CHINA - TAINTED MILK: A Chinese court has sentenced two people to death and two others to
life in prison for their roles in the production and sale of tainted
milk that killed six infants.
Thursday's sentences are the first to be handed down in China in
connection with the scandal, which sickened almost 300-thousand
children last year.
One of the two men sentenced to death by a court in northern Hebei
province's Shijiazhuang city is Zhang Yujun. Zhang was found guilty of
producing a powder containing an industrial chemical that was added to
US GUANTANAMO: Aides to President Barack Obama say he will sign an executive order
today to close the Guantanamo Bay detention center in Cuba
within one year.
The order calls for the transfer or release of the 250 terror suspects
held at the facility. It calls for a review of all the detainees to
determine how to prosecute those that may have committed crimes.
Mr. Obama is also expected to issue another order designed to end the
use of harsh interrogation techniques by U.S. agents.
US POLITICS - KENNEDY: New York media are reporting that Caroline Kennedy, daughter of slain
U.S. president John F. Kennedy, is withdrawing her name from
consideration for the New York Senate seat left vacant by Secretary of
State Hillary Clinton.
New York Governor David Paterson will appoint Clinton's successor. He is expected to announce his decision Saturday.
It is not clear what spurred Kennedy's decision to withdraw, after declaring her interest in the seat late last year.
As a child, Caroline Kennedy lived in the White House from 1961 until
her father's assassination in 1963.
ASIA - ECONOMY: Asia's major economies reported more setbacks today as a result of weakening global demand for their exports.
China says its economy slowed sharply in the last quarter of 2008,
growing by just six-point-eight percent from a year earlier. In the
previous quarter, the Chinese economy grew nine percent.
China also says its economic growth for all of 2008 slowed to nine percent, ending a five-year streak of double-digit gains.
South Korea says its economy shrank five-point-six percent in the last
quarter of 2008 compared to the previous quarter.
CHINA - HEALTH REFORM: China's State Council says the country will spend more than 120-billion
dollars over the next three years to improve the health care system.
The State Council said the money will be spent on improving
the basic medical insurance system and reforming public hospitals.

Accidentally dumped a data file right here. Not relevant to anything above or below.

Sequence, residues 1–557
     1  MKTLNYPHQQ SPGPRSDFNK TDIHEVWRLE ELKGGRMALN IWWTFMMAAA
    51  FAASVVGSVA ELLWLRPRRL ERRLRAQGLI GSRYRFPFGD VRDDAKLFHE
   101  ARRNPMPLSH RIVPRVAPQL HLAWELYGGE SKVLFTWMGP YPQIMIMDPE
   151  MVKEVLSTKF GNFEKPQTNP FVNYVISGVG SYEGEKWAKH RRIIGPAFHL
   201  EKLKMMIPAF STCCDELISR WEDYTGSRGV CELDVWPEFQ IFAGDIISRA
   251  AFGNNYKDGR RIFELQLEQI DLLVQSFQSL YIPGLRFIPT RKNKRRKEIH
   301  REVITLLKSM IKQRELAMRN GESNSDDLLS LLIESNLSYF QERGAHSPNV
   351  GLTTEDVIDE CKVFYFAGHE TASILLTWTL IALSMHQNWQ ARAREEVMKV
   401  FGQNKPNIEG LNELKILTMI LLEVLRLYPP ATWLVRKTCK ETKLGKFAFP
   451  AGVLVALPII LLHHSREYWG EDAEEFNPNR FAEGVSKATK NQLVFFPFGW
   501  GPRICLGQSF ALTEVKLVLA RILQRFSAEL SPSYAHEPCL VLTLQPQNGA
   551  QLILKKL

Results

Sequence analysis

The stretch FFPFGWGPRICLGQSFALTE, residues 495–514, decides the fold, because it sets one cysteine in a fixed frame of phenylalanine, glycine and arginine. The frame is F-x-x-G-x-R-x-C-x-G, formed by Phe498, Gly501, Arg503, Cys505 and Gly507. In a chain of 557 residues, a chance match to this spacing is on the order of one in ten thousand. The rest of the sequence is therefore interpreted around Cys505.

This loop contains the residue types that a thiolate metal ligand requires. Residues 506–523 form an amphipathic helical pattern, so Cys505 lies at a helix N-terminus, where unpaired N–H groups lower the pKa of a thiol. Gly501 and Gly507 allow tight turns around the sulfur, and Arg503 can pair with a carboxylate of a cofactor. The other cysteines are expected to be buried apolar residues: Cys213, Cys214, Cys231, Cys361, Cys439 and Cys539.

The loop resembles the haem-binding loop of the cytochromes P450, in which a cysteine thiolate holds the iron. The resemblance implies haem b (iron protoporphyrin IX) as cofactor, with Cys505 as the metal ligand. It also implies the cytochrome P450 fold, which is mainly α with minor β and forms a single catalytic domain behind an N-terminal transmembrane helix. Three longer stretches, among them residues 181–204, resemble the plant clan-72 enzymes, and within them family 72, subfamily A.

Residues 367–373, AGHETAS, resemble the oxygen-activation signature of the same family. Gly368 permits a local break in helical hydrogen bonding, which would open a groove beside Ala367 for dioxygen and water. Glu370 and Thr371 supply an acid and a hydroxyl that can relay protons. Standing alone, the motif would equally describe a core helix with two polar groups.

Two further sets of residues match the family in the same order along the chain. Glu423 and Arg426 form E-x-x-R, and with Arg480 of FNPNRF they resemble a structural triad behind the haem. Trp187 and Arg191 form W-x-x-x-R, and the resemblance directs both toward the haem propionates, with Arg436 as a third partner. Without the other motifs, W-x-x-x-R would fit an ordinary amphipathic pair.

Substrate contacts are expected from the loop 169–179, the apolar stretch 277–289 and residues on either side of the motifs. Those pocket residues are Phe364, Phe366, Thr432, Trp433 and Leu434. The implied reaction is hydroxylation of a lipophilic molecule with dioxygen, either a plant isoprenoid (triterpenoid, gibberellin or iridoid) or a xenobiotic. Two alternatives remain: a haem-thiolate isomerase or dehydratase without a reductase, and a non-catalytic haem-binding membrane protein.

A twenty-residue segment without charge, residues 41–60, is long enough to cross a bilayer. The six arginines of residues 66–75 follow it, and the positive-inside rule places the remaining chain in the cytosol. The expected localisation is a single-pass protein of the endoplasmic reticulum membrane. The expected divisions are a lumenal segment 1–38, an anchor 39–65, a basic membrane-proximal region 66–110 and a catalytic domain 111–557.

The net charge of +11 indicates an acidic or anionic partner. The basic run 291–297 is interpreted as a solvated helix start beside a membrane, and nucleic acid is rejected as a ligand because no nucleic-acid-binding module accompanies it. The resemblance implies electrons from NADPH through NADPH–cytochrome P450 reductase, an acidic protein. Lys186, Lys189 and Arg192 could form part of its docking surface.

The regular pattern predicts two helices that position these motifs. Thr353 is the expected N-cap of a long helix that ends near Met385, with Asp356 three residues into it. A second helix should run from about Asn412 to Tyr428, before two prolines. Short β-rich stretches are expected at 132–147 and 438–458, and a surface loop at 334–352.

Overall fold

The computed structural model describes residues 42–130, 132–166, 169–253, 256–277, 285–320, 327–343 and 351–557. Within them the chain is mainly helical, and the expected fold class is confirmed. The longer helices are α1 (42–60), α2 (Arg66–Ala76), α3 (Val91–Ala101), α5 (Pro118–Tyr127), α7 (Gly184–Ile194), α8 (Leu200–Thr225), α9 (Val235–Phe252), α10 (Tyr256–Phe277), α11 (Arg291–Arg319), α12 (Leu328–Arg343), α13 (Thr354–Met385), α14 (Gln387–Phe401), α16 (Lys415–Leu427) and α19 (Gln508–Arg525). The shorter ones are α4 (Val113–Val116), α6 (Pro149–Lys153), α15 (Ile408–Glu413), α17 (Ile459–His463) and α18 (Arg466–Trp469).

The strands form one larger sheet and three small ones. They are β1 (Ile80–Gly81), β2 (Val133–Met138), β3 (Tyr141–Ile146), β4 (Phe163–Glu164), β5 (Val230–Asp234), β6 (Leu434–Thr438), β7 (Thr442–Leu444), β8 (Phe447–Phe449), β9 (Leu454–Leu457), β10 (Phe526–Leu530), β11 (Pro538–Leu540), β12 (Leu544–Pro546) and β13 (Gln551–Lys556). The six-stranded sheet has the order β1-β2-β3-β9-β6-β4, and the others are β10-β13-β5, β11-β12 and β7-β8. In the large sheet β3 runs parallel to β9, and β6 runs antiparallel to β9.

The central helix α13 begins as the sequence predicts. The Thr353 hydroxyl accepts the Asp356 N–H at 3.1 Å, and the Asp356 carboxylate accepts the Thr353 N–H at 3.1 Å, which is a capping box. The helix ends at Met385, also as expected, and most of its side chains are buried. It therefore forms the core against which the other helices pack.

Chinese public hospitals are often criticized for their high fees, lack
of access and poor doctor services, and there is a growing public anger
about the state of the health care system.
The council said that, between now and 2011, the government wants most
of the population to be covered by basic health insurance.
ISRAEL - PALESTINIANS: U.S. President Barack Obama pledged to pursue Middle East peace in
phone calls to Israeli and Palestinian leaders Wednesday, shortly after
Israel completed its troop withdrawal from the Gaza Strip.
Palestinian officials say Mr. Obama told Palestinian President Mahmoud
Abbas that he hoped to work as partners in achieving peace. Mr. Abbas'
Palestinian Authority was ousted from Gaza by Hamas in 2007.
Israeli Prime Minister Ehud Olmert's office said the Israeli leader
told President Obama he hoped efforts by Israel, Egypt, the United
States, and Europe to prevent weapons smuggling into Gaza would
PAKISTAN - UK - AL-QAIDA: Pakistani officials say security forces are questioning a suspected
al-Qaida militant arrested for his alleged involvement in the London
terrorist attacks of July 2005.
The officials, who asked not to be named, told Western news agencies
that Zabi ul-Taifi was arrested Wednesday along with six fellow
militants in a raid outside the northwestern city of Peshawar.
They said Taifi is a Saudi national wanted in connection to the July
7th, 2005, terrorist attacks on London's mass transit system.
The four coordinated bombings killed 52 commuters.
SRI LANKA: The Sri Lankan military says it has captured what appears to have been
the Tamil Tiger rebels' main operations center in the north.
A military official said today that soldiers
found detailed maps of the military's deployments and rebel positions
in an empty building in the Mullaittivu district.
He also said troops found briefing rooms and an underground bunker in
the building, but rebels had removed most of their equipment before the
army moved in.
Tamil Tiger rebels were unavailable for comment.
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